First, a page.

The aim of this study is to evaluate the effectiveness of family support through the family portal on the LCCP platform for patients using insulin therapy.


Research Design and Samples

This retrospective cohort study included patients with diabetes recruited to the LCCP platform from September 1, 2018 to August 31, 2019. Patients with diabetes receiving insulin treatment were encouraged by their doctors to register on the LCCP platform. Patient demographic and disease information, including age, gender, education level, type of diabetes, insulin regimen, and duration of diabetes, were collected after provision of written informed consent. The patients in this study were followed up with for 12 weeks. Eligible samples were adult type 2 diabetes patients (aged ≥18 years) with fasting blood glucose and postprandial blood glucose levels recorded using the LCCP platform at least once a week at week 1 and week 12. Patients with type 1 diabetes, patients aged <18 years, and those with missing data on gender, age, education level, type of diabetes, and diabetes duration were excluded from the study.

Intervention

All the patients recruited to the LCCP platform were able to record their blood glucose and take more than 60 diabetes education courses on the LCCP platform. The patients were all informed of the function of the LCCP family portal when recruited and voluntarily chose to engage their family members to use the family portal connected to their private LCCP account. Patient self-monitoring of blood glucose data were automatically sent to the family portal in real time. Family members using the family portal were able to view the patients’ blood glucose records and diabetes education course learning records, take the diabetes education courses, and participate in 2-way communications with the patients through the family portal.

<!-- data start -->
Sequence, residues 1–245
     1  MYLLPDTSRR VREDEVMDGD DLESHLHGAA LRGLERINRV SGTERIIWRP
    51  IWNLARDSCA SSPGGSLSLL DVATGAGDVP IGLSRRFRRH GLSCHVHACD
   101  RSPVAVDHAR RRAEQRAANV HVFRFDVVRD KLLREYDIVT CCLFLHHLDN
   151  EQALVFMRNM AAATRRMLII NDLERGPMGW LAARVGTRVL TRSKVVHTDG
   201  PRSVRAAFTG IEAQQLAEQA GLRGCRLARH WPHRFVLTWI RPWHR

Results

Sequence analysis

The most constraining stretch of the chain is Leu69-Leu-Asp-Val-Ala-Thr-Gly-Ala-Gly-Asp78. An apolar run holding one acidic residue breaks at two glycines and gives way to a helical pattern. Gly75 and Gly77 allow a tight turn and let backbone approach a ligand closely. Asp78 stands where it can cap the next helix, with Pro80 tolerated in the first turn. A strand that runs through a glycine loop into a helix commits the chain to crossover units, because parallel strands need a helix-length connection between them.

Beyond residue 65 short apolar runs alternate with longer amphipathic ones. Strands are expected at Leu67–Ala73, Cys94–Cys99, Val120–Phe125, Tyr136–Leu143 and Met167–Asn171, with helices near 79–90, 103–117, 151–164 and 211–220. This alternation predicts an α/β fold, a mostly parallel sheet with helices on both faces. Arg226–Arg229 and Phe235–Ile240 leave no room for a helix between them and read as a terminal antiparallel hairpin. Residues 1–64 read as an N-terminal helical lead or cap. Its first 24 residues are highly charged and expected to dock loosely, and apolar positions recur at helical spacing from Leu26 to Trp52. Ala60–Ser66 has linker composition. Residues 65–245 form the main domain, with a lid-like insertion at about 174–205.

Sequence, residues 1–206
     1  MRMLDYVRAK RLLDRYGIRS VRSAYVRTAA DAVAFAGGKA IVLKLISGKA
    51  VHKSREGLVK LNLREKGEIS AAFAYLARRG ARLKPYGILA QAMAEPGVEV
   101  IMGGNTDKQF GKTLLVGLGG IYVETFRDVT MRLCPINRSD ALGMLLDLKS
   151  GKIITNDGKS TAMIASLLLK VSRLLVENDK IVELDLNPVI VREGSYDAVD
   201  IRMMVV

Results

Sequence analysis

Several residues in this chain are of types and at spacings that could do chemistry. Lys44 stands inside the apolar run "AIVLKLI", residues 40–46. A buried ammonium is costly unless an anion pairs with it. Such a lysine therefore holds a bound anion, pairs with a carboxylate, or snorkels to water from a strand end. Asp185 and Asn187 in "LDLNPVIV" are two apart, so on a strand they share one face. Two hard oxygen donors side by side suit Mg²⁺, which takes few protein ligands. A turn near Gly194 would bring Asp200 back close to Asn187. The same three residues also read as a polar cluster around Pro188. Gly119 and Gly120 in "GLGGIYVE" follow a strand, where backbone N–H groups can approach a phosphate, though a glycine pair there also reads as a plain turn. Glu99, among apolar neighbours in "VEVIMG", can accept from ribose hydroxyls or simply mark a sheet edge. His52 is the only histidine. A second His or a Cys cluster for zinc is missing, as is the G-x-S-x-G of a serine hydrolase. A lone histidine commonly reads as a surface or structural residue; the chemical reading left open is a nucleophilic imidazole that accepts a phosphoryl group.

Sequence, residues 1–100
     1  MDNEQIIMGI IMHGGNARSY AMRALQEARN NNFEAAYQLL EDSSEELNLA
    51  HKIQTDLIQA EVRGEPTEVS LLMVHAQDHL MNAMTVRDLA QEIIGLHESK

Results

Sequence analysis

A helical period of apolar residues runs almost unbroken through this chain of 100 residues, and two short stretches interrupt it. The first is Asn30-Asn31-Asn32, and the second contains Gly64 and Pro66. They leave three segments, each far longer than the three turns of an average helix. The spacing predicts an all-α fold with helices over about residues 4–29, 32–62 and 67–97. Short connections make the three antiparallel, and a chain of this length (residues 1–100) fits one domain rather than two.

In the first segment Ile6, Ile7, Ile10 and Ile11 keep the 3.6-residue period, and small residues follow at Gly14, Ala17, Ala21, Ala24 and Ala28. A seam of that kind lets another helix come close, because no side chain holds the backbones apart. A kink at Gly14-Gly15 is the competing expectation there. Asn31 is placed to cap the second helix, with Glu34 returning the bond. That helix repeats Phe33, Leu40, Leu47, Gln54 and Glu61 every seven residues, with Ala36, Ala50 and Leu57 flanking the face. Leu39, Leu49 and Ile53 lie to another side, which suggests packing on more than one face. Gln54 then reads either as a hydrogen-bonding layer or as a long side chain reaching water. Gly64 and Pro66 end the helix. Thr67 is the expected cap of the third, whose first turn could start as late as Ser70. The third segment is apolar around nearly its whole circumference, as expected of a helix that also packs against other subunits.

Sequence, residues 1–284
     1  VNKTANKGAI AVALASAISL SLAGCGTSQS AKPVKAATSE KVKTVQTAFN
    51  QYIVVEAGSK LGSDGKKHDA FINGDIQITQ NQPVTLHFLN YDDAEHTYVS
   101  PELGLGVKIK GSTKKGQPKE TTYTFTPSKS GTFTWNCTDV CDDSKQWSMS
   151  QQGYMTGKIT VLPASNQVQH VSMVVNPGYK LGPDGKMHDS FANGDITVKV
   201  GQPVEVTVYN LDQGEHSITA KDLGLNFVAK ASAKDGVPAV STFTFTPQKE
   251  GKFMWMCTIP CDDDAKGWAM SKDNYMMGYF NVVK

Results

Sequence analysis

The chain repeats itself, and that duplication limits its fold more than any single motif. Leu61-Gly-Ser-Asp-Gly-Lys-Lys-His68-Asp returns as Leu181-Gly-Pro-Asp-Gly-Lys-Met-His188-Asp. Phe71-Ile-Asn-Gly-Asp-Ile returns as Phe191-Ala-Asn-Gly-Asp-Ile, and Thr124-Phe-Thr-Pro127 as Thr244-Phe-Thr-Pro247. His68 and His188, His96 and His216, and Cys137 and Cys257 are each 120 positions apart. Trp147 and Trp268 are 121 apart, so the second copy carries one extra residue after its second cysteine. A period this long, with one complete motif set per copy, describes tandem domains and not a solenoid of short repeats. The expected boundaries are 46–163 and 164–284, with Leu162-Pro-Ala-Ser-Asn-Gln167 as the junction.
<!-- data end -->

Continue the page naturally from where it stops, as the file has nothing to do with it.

Outcome Measurements

Patients recruited to the LCCP platform were all provided with a free intelligent glucometer. Self-monitoring of finger-prick capillary blood glucose was assessed according to the glucose dehydrogenase method using a glucometer (Bionime Biotechnology [Ping Tan] Co, Ltd, Fuzhou City, China). The patients were trained to test their fasting blood glucose and postprandial blood glucose correctly to reduce subject bias. Patient self-monitoring of blood glucose data were automatically transmitted to the LCCP platform through mobile signals. The coefficient of variation of the measurement was below 5%, and the accuracy was in accordance with ISO 15197:2013 [27]. The patients were divided into 2 groups: group A (the family portal use group) and group B (the non–family portal use group). We defined patient baseline fasting blood glucose and postprandial blood glucose as the mean fasting blood glucose and mean postprandial blood glucose at the first week after recruitment. The primary outcomes were differences between group A and group B in mean fasting blood glucose, mean postprandial blood glucose, proportion of patients achieving fasting blood glucose <7 mmol/L, proportion of patients achieving postprandial blood glucose <10 mmol/L, proportion of patients achieving both fasting blood glucose <7 mmol/L and postprandial blood glucose <10 mmol/L, frequency of self-monitoring of blood glucose at week 12, and difference in the number of diabetes education courses that the patients completed in the 12 weeks of the study.